So with the help of the Native American Rights Fund, John sued the State of Alaska in 1985 to reopen Batzulnetas under the conservation act. But the state of Alaska said the act only covered national public lands, not the waterways that flowed through them. The state said the subsistence rights of Alaska Native people did not apply to the rivers.
Katie John convinces the governor
The case bounced around the federal court system for over a decade. In 2001, Governor Tony Knowles traveled to Batzulnetas and visited with John. He was in the process of deciding whether or not to appeal the case to the U.S. Supreme Court.
John showed him around and described what it was like to live and fish there when she was a young girl. She took him to the fish wheel and showed him how to harvest a fish from it. The governor pulled one out, but it slipped from his hands and returned to the river. John said it would probably wind up as food for a bear upstream. Everyone laughed.
Back at her camp, John showed the governor their smokehouse and the fish drying racks. She spoke about her father and about Ahtna law and tradition. Then she told him about the day she and her father went to Batzulnetas and were told by a game warden that the camp was now closed and that he could no longer fish there.
“My daddy doesn’t understand,” she told the governor. “He feel bad. My daddy left Batzulnetas.”
She then told him what subsistence meant to her. It meant community. It meant to balance and conservation. It meant respect for the cycles of life. But most of all, it meant sharing.
When Knowles left that day, he told Katie John the State of Alaska has been fighting against the subsistence rights of her people for too long. He promised her he would bring that fighting to an end.
On August 27, 2001, Gov. Knowles called a press conference and made the announcement.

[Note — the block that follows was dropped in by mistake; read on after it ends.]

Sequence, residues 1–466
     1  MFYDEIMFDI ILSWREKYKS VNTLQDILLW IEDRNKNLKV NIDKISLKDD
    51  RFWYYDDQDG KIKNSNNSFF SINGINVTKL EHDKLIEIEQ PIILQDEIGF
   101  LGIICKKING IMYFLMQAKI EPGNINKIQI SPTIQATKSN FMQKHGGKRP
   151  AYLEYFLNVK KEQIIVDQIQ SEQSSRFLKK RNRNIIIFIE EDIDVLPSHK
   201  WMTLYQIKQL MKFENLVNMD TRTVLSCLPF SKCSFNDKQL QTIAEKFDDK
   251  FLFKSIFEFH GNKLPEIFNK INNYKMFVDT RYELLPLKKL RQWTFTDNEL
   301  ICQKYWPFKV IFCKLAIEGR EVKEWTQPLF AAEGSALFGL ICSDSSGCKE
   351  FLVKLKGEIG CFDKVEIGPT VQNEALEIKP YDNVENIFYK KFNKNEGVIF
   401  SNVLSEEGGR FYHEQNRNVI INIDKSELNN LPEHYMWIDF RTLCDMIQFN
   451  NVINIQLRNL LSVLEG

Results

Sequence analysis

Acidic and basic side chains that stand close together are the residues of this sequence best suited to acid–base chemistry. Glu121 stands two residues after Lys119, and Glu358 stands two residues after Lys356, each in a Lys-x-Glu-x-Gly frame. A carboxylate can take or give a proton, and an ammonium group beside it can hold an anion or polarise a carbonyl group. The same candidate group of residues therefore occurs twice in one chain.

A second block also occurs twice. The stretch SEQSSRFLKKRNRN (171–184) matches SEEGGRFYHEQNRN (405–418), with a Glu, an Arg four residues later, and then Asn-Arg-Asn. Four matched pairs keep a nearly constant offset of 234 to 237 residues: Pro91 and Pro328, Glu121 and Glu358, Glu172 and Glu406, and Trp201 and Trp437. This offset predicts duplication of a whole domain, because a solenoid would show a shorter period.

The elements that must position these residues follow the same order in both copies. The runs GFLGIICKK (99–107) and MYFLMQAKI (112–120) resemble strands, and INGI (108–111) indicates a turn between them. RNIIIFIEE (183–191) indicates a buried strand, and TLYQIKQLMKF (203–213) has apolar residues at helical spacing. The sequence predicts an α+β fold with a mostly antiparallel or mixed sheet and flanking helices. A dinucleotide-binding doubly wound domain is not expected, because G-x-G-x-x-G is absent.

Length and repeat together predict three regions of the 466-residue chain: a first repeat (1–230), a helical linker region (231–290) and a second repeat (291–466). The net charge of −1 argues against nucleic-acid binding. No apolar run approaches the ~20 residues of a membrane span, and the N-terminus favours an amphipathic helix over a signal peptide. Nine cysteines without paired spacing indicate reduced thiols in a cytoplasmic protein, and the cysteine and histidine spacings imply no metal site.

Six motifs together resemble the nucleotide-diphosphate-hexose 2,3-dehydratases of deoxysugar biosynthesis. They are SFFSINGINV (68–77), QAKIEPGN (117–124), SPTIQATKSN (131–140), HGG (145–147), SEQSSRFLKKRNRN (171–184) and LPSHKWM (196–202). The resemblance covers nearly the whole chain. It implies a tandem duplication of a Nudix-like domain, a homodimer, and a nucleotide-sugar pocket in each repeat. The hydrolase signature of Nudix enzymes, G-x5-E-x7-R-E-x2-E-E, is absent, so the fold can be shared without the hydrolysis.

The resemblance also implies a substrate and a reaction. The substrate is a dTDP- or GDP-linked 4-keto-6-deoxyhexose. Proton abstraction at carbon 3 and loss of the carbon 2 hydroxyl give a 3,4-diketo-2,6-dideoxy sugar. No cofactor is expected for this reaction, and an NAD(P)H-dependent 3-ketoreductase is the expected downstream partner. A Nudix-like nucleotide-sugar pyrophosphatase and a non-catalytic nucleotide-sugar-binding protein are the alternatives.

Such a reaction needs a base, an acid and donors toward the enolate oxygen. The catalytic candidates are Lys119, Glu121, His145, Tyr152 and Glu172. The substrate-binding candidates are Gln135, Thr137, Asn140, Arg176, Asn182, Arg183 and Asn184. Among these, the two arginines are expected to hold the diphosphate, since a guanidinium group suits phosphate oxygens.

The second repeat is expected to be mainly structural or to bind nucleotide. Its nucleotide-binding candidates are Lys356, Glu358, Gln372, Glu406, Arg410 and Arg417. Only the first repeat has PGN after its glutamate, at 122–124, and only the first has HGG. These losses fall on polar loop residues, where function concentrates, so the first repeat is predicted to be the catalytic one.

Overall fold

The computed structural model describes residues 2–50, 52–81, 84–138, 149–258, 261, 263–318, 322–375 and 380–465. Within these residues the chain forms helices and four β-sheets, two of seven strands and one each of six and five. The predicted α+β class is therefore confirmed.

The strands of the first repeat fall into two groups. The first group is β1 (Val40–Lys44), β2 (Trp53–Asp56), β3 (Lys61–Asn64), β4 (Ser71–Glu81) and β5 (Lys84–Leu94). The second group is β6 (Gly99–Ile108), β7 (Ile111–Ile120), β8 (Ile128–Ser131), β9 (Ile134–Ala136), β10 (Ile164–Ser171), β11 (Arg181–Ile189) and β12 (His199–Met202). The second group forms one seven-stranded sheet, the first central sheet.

“I have concluded that further litigation in the Katie John case would not be in the best interest of Alaska,” he said.
The governor had formally decided not to appeal the case to the U.S, Supreme Court. Katie John had won.
Don’t mess with Katie John
John was later given an honorary doctorate in law by the University of Alaska Fairbanks and was inducted into the Alaska Women’s Hall of Fame. Although different aspects have been challenged in court since then, this episode with Gov. Knowles is generally considered the end of the case, a victory for Tsucde, a victory for Grandma.
Almost immediately after she died in 2013, the Alaska Federation of Natives began campaigning to make May 31 Katie John Day in Alaska. After six years of work, it is finally a reality.
As the world struggles with climate change, pollution, and deforestation, all brought about by the greed of colonizers, Katie John Day, May 31, stands as a reminder of the power of Native grandmas, in particular this one great Ahtna matriarch, who only wanted to fish where her people had always fished and share the way her people had always shared.
Frank Hopper is a Tlingit, Kagwaantaan, freelance writer, born in Juneau, Alaska, and raised in Seattle. He now resides in Washington, D.C.